Aileen Riggin (Soule)

Inducted: 2004
Born: 05/02/1906
Died: 10/17/2002

Aileen Riggin won the first Olympic springboard title in 1920 when she had just passed her 14th birthday, the youngest-ever U.S. woman Olympic champion. She lost her record to another U.S. diver, Marjorie Gestring, at the 1936 Olympics. Riggin won three AAU outdoor and one indoor springboard title and was twice a member of the Women’s Swimming Association team, which won the AAU relay. Her first coach was Lou Handley, double gold medalist at St. Louis in 1904. She was the youngest gold medalist at the 1920 Olympics and the shortest, at only 4 feet 8 inches and weighing just 65 pounds. She went down in history as America’s smallest Olympic champion. She was the U.S. national springboard diving champion from 1923 to 1925. Born in Newport, Rhode Island, Riggin learned to swim at six in Manila Bay in the Philippines, where her father, a U.S. Navy paymaster, was stationed. Her family settled in Brooklyn Heights, New York. At the age of eleven, she became a charter member of the celebrated Women’s Swimming Association (WSA) of New York, which was founded by Charlotte Epstein. 

Riggin first took up diving in 1919 at the age of thirteen, practicing in a tide pool on Long Island because there were no training facilities provided in those days for female divers. She had spent some time studying ballet at the Metropolitan Opera School of Ballet in New York, and her ballet training enabled her to fine-tune her performance in artistic diving. Riggin also competed at the 1924 Olympic Games in Paris in diving and swimming, winning a silver medal in the 3m springboard diving and a bronze medal in the 100m backstroke swimming event. In doing so, she became the first female Olympian to win medals in two different sports at the same Olympic Games. She was a member of the Amateur Athletic Union (AAU), winning three national springboard diving titles (from 1923 to 1925) at the AAU Outdoor Championships. She was twice on the winning team in the 4×220m freestyle relay (1923 and 1924). At the National AAU Indoor Championships, she won one diving title and three freestyle relay titles (in 1922, 1923 and 1925).    

Riggin made the first underwater swimming film in 1922 and the first slow-motion coaching film for Grantland Rice in 1923. She retired from competitions in 1925 and spent her time helping to organize exhibitions and swimming demonstrations overseas. She had minor roles in several Hollywood films: she was a dancer in the 1933 musical Roman Scandals, and she skated in the first Sonja Henie film One in a Million in 1936. She starred in Billy Rose’s first Aquacade at the 1937 Cleveland Exposition, which she also helped to organize. She wrote books about her experiences in swimming and became a successful sports journalist, writing newspaper columns for the New York Daily Post and the London Morning Post. Her articles were published in national magazines such as Good Housekeeping and Collier’s. 

Her first husband was Dwight D. Young, a Navy doctor whom she married in 1924. They had one daughter together called Yvonne May. Young was killed in World War II. Following the death of her first husband, she later married Howard Soule, changing her name to Aileen Soule. She moved to Hawaii in 1957 with her second husband, where they lived together for almost 25 years. She was widowed for the second time in 1981 and lived alone in Waikiki after her husband’s death. In 1967, she was inducted into the International Swimming Hall of Fame in Fort Lauderdale, Florida. As a result of her fundraising and motivational presentations, she was selected to serve as Grande Dame of the Swimming Hall of Fame in 1988. She was a founder of the Hawaii Senior Games Association and remained a board member into old age.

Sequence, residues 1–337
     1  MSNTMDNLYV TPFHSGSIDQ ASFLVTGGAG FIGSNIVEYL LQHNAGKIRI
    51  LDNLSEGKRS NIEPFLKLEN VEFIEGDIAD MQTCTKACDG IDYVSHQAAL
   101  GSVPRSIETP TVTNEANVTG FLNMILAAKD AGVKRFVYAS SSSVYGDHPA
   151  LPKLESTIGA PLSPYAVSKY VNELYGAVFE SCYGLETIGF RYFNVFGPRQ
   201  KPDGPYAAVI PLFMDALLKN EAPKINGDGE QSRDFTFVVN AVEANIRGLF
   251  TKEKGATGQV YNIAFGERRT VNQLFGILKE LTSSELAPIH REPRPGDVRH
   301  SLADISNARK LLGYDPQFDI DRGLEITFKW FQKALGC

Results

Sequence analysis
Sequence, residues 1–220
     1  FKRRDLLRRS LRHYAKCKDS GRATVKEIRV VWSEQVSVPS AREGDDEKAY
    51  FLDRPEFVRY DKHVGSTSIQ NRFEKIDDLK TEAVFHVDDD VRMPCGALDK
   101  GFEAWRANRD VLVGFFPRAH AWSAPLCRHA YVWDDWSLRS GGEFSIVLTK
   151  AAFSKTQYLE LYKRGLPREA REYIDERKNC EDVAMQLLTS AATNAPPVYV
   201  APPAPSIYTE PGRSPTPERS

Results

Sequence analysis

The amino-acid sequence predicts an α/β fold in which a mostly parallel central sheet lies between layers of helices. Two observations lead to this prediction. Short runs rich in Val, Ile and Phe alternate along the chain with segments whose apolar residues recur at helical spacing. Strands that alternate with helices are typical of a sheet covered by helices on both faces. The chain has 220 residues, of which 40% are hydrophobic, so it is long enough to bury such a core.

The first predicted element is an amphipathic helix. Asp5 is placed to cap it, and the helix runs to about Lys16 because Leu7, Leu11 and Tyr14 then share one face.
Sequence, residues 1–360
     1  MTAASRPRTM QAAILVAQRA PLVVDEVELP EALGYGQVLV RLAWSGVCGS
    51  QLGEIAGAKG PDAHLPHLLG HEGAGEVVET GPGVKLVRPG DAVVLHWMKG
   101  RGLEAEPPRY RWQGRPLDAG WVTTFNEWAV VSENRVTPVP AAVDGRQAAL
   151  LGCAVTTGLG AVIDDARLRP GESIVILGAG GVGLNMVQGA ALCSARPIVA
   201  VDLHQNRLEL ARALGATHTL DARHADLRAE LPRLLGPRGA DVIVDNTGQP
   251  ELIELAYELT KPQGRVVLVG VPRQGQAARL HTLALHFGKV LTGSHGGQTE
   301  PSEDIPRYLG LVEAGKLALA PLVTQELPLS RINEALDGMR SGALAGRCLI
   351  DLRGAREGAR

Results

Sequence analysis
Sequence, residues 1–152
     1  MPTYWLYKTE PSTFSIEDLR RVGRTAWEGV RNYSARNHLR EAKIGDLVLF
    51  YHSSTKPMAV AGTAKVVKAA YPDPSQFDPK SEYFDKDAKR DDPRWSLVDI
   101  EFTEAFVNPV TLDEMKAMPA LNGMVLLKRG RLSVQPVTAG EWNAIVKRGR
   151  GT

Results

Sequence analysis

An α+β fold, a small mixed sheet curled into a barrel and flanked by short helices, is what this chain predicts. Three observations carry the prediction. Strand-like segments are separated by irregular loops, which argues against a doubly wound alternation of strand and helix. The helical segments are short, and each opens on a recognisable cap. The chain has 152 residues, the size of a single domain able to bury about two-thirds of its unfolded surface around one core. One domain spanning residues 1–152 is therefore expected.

Riggin was one of the most sought-after swimming celebrities in Hawaii and the USA. As one of the surviving members of the United States team at the 1920 Antwerp Olympics, she was chosen to escort the Ceremonial Olympic Handover Flag, known as the Antwerp Flag, at the opening ceremony of the 1984 Los Angeles Olympics, and she was invited to address Team USA at the 1996 Atlanta Olympics as a motivational speaker. She continued to swim into old age, and at 85, she broke six world records in freestyle and backstroke sprints in the World Masters for her age group (85–89). By the end of 1996, she held eleven national records and five world records in the following age group (90–94). At the end of the 20th century, Riggin was the last surviving champion from the 1920 Olympic Games, and she was celebrated as the nation’s oldest living female Olympic gold medalist. 

Aileen Soule died on October 17, 2002, in a nursing home in Honolulu, Hawaii. Friends and family remembered her as a “pioneer of women’s sports.” In November 2002, she was inducted into the Hawaii Sports Hall of Fame. She was also inducted into The Rhode Island Heritage Hall of Fame in 2004. 

For additional reading: 

1. “Aileen Riggin American Athlete”. Encyclopedia Britannica. May 2, 2017.

2. “Aileen Riggin biography & results”. Olympedia. 

3. Evans, Hilary; Gjerde, Arild; Heijmans, Jeroen; Mallon, Bill; “Aileen Riggin”. Olympics at 

4. “Aileen Riggin Soule (USA) 1967 Honor Swimmer/Diver”. International Swimming Hall of FameSports Reference LLC. 

5. Litsky, Frank (April 29, 2003). “Remembering Aileen Riggin Soule”. U.S. Masters Swimming.  

6. “Fact of the Day: Aileen Riggin Soule is Swimming’s Oldest Living Olympian”. October 8, 1999. 

7. “Pioneering athlete looking forward to a birthday; new category awaits her.” The Galveston Daily News. December 5, 1999. 

8. Lennartz, Karl (January 2003). “Aileen Riggin (1906–2002)” (PDF). Journal of Olympic History. 

9. “Aileen Riggin at the Olympic,” Olympian Database Project. 

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